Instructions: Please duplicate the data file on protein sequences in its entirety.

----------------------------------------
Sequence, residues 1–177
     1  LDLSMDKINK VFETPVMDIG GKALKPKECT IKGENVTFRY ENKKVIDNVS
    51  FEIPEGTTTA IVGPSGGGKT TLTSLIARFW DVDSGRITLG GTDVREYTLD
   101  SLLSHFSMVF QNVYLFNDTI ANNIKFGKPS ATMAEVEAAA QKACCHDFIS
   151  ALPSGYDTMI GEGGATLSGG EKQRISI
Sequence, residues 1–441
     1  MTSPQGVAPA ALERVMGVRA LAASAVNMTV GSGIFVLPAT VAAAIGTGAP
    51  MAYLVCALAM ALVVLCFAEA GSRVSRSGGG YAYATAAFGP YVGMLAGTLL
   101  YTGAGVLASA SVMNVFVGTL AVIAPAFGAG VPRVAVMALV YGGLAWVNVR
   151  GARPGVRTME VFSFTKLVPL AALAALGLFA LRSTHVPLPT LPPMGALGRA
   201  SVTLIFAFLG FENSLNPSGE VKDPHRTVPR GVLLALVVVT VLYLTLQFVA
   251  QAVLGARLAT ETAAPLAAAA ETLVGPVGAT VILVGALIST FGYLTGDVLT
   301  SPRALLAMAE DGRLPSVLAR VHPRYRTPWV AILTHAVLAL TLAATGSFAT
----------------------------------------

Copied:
Sequence, residues 1–177
     1  LDLSMDKINK VFETPVMDIG GKALKPKECT IKGENVTFRY ENKKVIDNVS
    51  FEIPEGTTTA IVGPSGGGKT TLTSLIARFW DVDSGRITLG GTDVREYTLD
   101  SLLSHFSMVF QNVYLFNDTI ANNIKFGKPS ATMAEVEAAA QKACCHDFIS
   151  ALPSGYDTMI GEGGATLSGG EKQRISI
Sequence, residues 1–441
     1  MTSPQGVAPA ALERVMGVRA LAASAVNMTV GSGIFVLPAT VAAAIGTGAP
    51  MAYLVCALAM ALVVLCFAEA GSRVSRSGGG YAYATAAFGP YVGMLAGTLL
   101  YTGAGVLASA SVMNVFVGTL AVIAPAFGAG VPRVAVMALV YGGLAWVNVR
   151  GARPGVRTME VFSFTKLVPL AALAALGLFA LRSTHVPLPT LPPMGALGRA
   201  SVTLIFAFLG FENSLNPSGE VKDPHRTVPR GVLLALVVVT VLYLTLQFVA
   251  QAVLGARLAT ETAAPLAAAA ETLVGPVGAT VILVGALIST FGYLTGDVLT
   301  SPRALLAMAE DGRLPSVLAR VHPRYRTPWV AILTHAVLAL TLAATGSFAT